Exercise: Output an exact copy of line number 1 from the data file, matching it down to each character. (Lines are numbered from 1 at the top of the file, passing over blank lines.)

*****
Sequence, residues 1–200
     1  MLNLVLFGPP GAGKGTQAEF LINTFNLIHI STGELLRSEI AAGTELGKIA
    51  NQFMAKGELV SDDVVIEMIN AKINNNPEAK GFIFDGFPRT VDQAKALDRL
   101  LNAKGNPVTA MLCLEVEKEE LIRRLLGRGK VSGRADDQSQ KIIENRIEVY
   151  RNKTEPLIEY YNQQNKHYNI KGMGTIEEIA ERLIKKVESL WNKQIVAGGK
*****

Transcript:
Sequence, residues 1–200